In Our Own Right: Black Australian Nurses' Stories

Reviews of In Our Own Right

Review by Diana Grant-Mackie RN BA MN

Stories of the Aboriginal and Torres Strait Islander nurses contained 'In Our Own Right' tell us about how it was for them to become nurses in Australia. They tell about their families as part of their own self and the support they had from inside and outside their families. Even when parents did not initially support their children to become nurses they eventually became their most avid supporters because they could see the future that could be obtained for the children and the families and their people. These parents were often part of the Stolen Generation and had also suffered outright racism and exclusion from society during their lives. Older nurses' stories tell of being hidden as children so they would not be stolen from their parents.

Similar stories by indigenous people their families and children can be heard throughout the world. The relationship of racism to poverty is international. It is not surprising therefore; that there are connections between the Aboriginal and Torres Straits Islander Australian and Maori nurses and that cultural safety is a common bond. New Zealand nurses experience an affinity with the Aboriginal and Torres Strait Islander Australian. The role of nurses in setting up the Aboriginal Medical Clinic in Redfern, Sydney has a similarity to how some Maori and Pacific clinics were initiated here.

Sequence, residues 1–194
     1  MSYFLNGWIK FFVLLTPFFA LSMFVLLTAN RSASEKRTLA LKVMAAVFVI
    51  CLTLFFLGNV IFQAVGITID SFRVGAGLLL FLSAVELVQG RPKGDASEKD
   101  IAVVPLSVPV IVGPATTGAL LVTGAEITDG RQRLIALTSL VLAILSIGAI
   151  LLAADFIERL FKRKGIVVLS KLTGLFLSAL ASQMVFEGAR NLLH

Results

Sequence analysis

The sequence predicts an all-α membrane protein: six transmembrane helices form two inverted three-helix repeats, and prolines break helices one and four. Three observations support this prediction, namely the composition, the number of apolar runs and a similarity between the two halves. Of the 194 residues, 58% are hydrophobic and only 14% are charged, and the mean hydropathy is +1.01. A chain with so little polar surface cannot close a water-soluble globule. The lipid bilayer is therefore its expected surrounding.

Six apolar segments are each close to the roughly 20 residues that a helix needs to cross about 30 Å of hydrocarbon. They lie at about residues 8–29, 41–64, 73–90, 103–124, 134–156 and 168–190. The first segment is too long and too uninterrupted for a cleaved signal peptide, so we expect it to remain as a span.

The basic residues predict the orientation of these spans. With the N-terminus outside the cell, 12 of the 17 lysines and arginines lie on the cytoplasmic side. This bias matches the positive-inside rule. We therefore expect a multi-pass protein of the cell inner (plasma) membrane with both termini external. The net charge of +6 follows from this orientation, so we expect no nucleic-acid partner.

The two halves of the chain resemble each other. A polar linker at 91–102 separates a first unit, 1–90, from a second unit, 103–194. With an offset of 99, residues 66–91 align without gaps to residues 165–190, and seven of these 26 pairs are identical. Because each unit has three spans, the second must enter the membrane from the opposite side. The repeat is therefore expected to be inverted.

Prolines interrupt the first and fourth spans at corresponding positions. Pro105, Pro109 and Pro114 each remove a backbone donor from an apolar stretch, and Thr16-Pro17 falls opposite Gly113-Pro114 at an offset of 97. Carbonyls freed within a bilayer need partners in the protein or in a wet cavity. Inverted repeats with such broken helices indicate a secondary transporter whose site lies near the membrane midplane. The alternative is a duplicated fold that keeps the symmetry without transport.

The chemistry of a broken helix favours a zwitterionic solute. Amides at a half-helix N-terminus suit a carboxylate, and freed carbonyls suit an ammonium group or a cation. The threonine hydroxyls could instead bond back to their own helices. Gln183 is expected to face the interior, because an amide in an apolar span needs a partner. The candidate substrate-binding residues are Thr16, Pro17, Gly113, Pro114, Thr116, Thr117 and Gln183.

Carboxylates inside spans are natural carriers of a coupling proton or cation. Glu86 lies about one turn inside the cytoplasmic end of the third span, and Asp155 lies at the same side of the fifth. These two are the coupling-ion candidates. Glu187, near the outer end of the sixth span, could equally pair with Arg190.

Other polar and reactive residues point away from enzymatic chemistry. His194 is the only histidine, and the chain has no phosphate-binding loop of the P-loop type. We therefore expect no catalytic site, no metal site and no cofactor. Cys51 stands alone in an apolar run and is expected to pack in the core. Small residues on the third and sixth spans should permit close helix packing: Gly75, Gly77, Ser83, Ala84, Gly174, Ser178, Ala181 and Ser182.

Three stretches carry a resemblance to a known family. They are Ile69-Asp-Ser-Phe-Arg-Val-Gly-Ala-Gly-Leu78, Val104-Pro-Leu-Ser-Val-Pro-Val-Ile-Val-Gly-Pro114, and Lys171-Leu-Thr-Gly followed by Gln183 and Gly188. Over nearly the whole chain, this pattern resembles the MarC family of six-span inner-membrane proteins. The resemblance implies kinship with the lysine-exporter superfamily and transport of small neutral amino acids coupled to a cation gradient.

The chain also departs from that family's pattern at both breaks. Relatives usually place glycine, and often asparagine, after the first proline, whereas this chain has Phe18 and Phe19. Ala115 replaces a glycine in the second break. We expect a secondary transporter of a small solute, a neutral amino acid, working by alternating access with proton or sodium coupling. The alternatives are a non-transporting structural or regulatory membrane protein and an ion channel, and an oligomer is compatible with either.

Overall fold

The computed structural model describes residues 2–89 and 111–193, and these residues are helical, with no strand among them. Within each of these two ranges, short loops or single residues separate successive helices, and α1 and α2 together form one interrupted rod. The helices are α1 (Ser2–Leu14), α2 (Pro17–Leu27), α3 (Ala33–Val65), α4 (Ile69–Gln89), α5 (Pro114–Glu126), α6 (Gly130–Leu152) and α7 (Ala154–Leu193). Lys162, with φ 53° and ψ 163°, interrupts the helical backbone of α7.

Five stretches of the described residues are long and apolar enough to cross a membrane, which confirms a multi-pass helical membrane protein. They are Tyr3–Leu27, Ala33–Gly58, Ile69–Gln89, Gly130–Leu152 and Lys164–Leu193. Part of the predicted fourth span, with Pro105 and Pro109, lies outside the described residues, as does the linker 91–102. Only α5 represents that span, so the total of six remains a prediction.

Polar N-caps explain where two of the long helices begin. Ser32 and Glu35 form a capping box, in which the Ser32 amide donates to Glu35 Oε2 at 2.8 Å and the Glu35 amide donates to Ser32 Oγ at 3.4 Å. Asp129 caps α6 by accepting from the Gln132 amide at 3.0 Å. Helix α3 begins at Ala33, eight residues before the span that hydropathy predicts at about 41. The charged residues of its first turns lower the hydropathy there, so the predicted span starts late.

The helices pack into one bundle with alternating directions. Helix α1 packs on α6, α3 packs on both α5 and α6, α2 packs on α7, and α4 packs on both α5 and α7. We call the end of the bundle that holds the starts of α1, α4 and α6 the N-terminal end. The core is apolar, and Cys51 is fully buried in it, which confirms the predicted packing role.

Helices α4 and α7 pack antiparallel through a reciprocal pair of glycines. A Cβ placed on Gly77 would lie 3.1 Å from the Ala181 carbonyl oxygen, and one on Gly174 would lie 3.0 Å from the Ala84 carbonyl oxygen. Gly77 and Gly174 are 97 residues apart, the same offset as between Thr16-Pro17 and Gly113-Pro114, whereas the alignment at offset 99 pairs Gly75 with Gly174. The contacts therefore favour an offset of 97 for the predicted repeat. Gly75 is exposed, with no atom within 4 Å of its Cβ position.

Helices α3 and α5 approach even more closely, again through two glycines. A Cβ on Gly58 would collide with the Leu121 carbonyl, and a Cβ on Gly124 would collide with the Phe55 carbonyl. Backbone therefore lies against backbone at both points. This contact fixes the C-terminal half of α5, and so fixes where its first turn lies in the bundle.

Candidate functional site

The stories describe their drive to accomplish what started with goals of providing clinical services for their people and becoming role models for younger people. They had a commitment to generations before and for those ahead. They also experienced the struggle of women to care for family and study and on top of that to perform at work at 100% or better. Some moved into academia or other related health fields.

Many continued within the nursing profession in spite of fewer chances of gaining positions of seniority.

In spite of these difficulties within the nursing profession they went on to achieve goals beyond their own aspirations. There are stories of achievements in examinations; younger girls began as enrolled nurses and completed their nursing degrees; older ones completed studies they had no access to when younger; others went on to doctorate studies. There are also elements of humour that all nurses can enjoy; the housekeeping staff that kept their nurse relatives' bedrooms tidy and clean so they would not get into trouble; the old lady who fought and bit her granddaughter to take her home every time the curtains were pulled around the bed.

Familiar names jump out at me from pages, some from long ago and others from visits to Australia; Aboriginal Medical Services, Fred Hollows and Mama Shirl and correspondence with Ferry Gunseit. I think back to these people who gave me special insight into this aspect of Australian history.

Looking at the photos on the front of the book and in each chapter and reading the stories we see a group of extraordinary women who share their lives with us and inspire us as nursing colleagues. There is a great deal to be learned about compassion and caring for each other.

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Dr Sally Goold OAM
Senior Australian of the Year 2006

Book Launch
By Peter Beattie MP
4 December 2005

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